Do you know the type of person you are and how this impacts on your working relationships? Our communications team recently undertook Insights training to assess this and to find ways they can improve their teamwork. Find out how they got on.
Getting to grips with the nature of reality first thing on a Monday morning isn’t something you might tackle normally. But this wasn’t a usual Monday morning for the communications team, as we were undertaking training with 'people developers' Insights.
Insights is a global organisation, 'helping to transform individuals, teams, and organisations'. They’ve supported many companies – including Microsoft, Nationwide and Philips – to help team members understand themselves and others.
A few weeks before the onsite training day we were asked to complete an online Insights Preference Evaluator. This involved answering a series of questions designed to provide insight into what type of person you are.
The Insights Preference Evaluator is based on the psychology of Carl Yung, in particular Jung’s model of personality, which was first developed from his work Psychological Types in 1921. As Jung said, “Every advance, every conceptual achievement of mankind, has been connected with an advance in self-awareness.” And self-awareness is what the training is all about.
Using Jung’s framework to evaluate your answers in the Preference Evaluator, the Insight’s team can create your Discovery Profile. This is essentially a report showing you the type of person you are, how you interact with people, in addition to your strengths and weaknesses. It sounds a bit creepy, but it’s actually very beneficial.
On the day of the training, we got to see our report and everyone thought it was accurate. In fact, scarily so. Reading the report back to my wife later that evening she felt the same way (did Jung know me better than her?) and although some points raised didn’t accurately reflect what I’m like as a person, I’d say 95% of it was spot on.
Introvert or extrovert?
As you can probably imagine for a comms team we have our fair share of extroverts but we have introverts too, and the report and activities on the day showed this. Most people are probably aware of these terms and think they can probably place their colleagues on one side or another, but as we learnt, we shouldn’t be putting people in boxes – we’re not box-shaped for a start!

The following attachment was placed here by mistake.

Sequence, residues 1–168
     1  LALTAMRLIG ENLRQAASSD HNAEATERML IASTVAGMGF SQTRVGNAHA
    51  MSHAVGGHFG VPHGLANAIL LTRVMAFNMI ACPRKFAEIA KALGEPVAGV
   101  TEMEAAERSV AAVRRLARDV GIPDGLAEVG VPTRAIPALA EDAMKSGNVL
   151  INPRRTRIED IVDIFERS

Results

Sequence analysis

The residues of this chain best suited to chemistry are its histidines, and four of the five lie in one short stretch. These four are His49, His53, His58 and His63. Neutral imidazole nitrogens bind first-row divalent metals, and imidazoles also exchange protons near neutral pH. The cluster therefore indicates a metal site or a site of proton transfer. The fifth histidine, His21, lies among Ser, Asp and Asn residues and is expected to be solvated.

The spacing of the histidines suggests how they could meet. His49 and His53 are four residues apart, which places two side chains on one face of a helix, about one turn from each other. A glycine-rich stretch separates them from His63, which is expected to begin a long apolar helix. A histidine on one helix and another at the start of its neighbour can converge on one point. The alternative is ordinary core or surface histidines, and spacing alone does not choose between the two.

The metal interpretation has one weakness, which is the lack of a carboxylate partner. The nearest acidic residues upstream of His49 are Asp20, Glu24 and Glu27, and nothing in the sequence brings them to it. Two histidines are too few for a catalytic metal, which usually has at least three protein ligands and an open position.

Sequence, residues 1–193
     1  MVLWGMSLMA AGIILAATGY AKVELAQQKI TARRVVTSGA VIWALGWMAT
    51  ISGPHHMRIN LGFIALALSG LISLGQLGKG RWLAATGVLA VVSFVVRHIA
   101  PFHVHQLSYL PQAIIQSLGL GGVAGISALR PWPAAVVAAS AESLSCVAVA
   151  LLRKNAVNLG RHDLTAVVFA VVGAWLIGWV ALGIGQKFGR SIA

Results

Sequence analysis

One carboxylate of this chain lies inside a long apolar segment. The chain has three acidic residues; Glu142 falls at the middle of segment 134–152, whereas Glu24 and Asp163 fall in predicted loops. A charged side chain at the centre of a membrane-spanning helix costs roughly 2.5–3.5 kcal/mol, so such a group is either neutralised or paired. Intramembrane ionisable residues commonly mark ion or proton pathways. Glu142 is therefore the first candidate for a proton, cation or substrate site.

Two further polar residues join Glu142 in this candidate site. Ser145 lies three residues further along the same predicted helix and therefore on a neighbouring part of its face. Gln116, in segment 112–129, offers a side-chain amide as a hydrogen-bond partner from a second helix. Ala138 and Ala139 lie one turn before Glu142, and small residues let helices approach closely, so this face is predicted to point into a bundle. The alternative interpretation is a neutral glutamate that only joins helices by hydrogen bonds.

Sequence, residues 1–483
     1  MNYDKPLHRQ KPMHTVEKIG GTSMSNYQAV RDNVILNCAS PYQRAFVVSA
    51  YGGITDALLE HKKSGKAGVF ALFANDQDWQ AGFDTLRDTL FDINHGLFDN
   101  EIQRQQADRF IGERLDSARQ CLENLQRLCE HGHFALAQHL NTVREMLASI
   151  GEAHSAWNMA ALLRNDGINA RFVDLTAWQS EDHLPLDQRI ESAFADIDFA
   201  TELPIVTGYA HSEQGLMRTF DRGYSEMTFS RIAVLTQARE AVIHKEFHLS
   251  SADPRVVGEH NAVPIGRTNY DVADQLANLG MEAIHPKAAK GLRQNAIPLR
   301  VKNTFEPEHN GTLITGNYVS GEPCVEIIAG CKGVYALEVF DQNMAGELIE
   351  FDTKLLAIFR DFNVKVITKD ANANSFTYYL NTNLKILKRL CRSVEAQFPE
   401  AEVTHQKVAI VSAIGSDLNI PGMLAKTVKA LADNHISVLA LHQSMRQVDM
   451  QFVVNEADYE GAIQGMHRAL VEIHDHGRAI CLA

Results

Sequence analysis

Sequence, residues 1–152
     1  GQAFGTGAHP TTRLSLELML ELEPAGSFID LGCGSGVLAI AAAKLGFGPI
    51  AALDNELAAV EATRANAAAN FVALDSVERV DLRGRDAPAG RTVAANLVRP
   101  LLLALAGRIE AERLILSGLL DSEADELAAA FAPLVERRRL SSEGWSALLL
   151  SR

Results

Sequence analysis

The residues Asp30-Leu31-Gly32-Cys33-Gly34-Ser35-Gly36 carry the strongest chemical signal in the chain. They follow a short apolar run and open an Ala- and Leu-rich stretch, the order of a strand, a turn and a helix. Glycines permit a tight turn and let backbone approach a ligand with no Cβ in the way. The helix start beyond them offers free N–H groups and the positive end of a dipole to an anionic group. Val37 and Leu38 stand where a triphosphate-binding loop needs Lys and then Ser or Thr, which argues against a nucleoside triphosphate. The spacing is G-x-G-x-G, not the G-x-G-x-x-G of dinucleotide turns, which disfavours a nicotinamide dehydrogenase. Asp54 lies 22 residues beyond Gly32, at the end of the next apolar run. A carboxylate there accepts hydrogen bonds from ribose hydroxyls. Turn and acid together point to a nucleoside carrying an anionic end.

The Insights training doesn’t just show if you’re an introvert or extrovert, it provides you with a breakdown of which dominant colour you are, your secondary colour and so on. The colours match a personality trait and there are 4 in total, to give you a brief overview they are: cool blue (observer), earth green (supporter), sunshine yellow (helper) and fiery red (director). There’s no right or wrong colour.
Insights state that, “Everyone has a different combination of these traits or colours, and when an individual understands this combination, and why they think and act in the way they do, they can start to work more harmoniously and effectively with others.”
We could see from the report and training activities that our team has a rough split between dominant colours of yellow and green, but also splashes of red. Although where we lacked in dominant colours of blue (more introvert, observing), this was made up by team members who had this as their second dominant colour.
The best bit
The most interesting part of the course for me was in the report where you could see your persona, defined in these colours, in a conscious and a less conscious way. In other words, your persona that you’re aware of, the one you consciously promote to others, and the one you’re less aware of. It also provides you with a ‘preference flow’, which shows you what colours you ramp up or dial down to compensate.
So what does it all mean? Well, for a lot of people it was a great opportunity to find out about different personality traits and how we can understand each other better. For example, we learnt that some people need to know the bigger picture and not get bogged down with details, and for others detail is the most important thing. Also, a verbal instruction works well for some, but others prefer them written down.
I feel we gained a lot from the course and can certainly understand each other better and ultimately improve the way we interact. Exploring the nature of reality wasn’t such a bad thing, even if it was a Monday.
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